Over 100K March Against Antisemitism in London

By Vicki Belovski

Demonstrators march against the rise of antisemitism in the U.K., Sunday in London. (Reuters/Susannah Ireland)

LONDON — Over 100,000 people marched on Sunday in London to protest rising levels of antisemitism.

The march, organized by the Campaign Against Antisemitism (CAA) in conjunction with other Jewish and non-Jewish groups, began at the Royal Courts of Justice in the Strand, but crowds of people were already seen an hour before flocking into Central London from areas with large Jewish populations.  The route, heavily policed to ensure the safety of the marchers, passed next to the River Thames, up to Trafalgar Square and down Whitehall, centher of British government. Marchers passed the end of Downing Street, residence of British Prime Minister Rishi Sunak, before congregating in Parliament Square, where a huge stage had been set up, with the logo of the march – United Kingdom, United Against Antisemitism.

Politicians from across the political spectrum, including former Prime Minister Boris Johnson, accompanied by his wife and baby, and well-known celebrities, journalists and media personalities marched with groups from the Iranian opposition, Christian Action Against Antisemitism, other religious groups, British and Israeli Jews, and many other people who wished to express their support for the Jewish community and their opposition to antisemitism.

The crowd at the rally following the march sang together, led by Chazan Jonny Turgel, and heard speeches from Gideon Falter, Chief Executive of Campaign Against Antisemitism and Chief Rabbi Sir Ephraim Mirvis. Robert Jenrick MP, Minister of State for the Home Office, spoke on behalf of the government, saying “There is one fundamental freedom we must reclaim: that is the freedom from fear. A Britain where Jewish people are afraid is not Britain.”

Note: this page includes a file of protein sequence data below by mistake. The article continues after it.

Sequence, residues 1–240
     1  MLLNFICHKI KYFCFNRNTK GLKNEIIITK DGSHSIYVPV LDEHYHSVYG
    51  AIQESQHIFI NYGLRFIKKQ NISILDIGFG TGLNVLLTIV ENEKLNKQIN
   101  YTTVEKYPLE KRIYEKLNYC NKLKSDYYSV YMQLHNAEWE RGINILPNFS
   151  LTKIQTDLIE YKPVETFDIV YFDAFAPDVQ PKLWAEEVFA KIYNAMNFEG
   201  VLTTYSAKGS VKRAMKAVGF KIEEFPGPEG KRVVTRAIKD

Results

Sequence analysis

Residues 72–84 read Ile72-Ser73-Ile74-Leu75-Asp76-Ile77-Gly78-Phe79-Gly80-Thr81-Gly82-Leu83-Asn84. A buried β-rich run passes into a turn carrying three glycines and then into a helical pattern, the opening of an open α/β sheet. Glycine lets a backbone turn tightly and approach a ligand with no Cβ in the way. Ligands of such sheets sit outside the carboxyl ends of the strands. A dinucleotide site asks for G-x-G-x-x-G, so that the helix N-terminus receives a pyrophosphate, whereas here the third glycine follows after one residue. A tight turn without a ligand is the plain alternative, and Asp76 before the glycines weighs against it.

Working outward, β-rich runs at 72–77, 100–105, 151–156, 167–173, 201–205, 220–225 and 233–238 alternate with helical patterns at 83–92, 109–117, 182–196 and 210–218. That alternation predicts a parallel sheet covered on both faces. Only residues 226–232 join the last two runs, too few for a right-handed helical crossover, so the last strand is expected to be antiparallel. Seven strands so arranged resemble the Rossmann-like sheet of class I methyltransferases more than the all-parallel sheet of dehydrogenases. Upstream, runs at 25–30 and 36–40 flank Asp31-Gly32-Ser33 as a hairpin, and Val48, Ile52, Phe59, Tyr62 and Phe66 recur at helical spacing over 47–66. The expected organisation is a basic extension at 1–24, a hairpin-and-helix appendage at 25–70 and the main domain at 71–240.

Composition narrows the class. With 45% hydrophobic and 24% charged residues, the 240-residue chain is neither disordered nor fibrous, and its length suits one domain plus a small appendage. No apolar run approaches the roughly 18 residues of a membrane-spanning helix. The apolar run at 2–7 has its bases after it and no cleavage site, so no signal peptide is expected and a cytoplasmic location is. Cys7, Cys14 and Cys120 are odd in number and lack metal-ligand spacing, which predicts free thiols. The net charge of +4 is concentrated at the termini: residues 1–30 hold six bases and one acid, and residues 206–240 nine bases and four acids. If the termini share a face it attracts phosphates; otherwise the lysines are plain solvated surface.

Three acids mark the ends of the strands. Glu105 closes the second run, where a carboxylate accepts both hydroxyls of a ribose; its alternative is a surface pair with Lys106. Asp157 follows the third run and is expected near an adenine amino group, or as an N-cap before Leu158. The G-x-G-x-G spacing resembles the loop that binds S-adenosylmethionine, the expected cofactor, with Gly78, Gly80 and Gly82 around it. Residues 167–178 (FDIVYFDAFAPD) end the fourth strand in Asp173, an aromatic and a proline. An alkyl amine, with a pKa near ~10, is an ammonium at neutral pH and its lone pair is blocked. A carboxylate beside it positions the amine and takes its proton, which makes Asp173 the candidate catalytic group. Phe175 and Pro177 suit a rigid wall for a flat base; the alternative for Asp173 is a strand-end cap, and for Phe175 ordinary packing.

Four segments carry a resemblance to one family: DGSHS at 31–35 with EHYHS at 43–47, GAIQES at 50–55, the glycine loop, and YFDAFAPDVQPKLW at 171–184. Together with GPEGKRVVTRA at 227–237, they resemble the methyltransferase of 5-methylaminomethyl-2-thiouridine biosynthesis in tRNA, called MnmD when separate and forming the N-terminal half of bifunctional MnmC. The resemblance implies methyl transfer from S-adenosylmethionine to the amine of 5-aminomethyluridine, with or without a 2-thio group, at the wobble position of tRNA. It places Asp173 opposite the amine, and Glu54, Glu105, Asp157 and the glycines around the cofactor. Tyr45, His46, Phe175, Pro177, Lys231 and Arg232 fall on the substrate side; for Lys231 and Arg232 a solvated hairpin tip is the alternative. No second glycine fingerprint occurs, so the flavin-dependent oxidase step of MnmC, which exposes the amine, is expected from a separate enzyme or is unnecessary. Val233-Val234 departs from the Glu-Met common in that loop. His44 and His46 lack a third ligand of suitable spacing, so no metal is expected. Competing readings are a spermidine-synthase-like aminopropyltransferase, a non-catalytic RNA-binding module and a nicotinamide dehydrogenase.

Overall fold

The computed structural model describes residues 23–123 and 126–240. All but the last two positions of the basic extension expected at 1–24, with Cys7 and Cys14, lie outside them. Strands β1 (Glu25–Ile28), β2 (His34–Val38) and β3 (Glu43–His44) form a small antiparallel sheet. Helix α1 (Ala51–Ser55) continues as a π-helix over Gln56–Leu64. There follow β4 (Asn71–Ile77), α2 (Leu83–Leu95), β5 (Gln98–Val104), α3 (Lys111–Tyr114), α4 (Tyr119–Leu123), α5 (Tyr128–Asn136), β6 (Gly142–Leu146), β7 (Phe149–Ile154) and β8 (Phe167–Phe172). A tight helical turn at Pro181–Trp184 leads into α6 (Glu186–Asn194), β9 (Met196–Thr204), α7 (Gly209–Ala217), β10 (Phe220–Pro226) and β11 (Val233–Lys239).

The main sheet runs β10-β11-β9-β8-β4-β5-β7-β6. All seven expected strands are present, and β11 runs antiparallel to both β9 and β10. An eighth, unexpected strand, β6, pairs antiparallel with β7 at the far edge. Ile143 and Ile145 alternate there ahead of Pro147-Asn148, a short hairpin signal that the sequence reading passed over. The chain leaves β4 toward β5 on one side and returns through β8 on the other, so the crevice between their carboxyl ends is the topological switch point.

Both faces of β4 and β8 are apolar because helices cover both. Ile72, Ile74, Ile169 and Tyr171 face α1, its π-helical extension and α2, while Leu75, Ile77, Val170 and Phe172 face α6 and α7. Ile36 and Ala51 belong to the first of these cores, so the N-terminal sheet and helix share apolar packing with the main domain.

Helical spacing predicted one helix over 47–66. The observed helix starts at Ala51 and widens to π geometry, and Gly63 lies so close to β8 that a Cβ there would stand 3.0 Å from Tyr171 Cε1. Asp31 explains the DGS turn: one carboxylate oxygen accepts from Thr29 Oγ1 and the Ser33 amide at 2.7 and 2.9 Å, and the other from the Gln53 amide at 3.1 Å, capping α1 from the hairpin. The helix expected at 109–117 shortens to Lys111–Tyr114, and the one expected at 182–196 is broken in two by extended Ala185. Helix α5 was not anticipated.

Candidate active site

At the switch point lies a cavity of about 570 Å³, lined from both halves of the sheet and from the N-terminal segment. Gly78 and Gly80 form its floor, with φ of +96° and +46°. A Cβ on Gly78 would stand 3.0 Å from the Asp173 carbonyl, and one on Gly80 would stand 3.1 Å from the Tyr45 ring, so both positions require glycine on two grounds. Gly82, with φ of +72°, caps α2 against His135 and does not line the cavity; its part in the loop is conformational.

(Reuters/Susannah Ireland)

Peter Kyle MP, Shadow Secretary of State for Science, Innovation and Technology, expressed support on behalf of the opposition, saying, “We cannot escape and cannot ignore the tsunami of antisemitism that has swept the country since October 7th. Your community will never stand alone.”

The Universities Minister Robert Halfon, MP, condemned antisemitism in universities, saying it is unacceptable that Jewish students feel afraid to express their Judaism.

The formal proceedings concluded with the crowd singing the national anthems of Israel and the U.K. There were many Union Jacks in evidence at the march, as well as Israeli flags, and the mood was both somber and celebratory. This was in deliberate contrast to the large pro-Palestinian marches, which have been seen on many weekends since October 7, at which there have been calls for jihad and intifada, and many arrests made for breaches of the police and antisemitic behaviour. The CAA conducted a poll recently which showed that 90% of British Jews would avoid travelling to a city center if a major anti-Israel demonstration were taking place there. Almost 70% of British Jews said that they are less likely to show visible signs of their Judaism now.  The march was a pushback by the CAA, and other organizations, to show the UK Jewish community that “they are not alone.”

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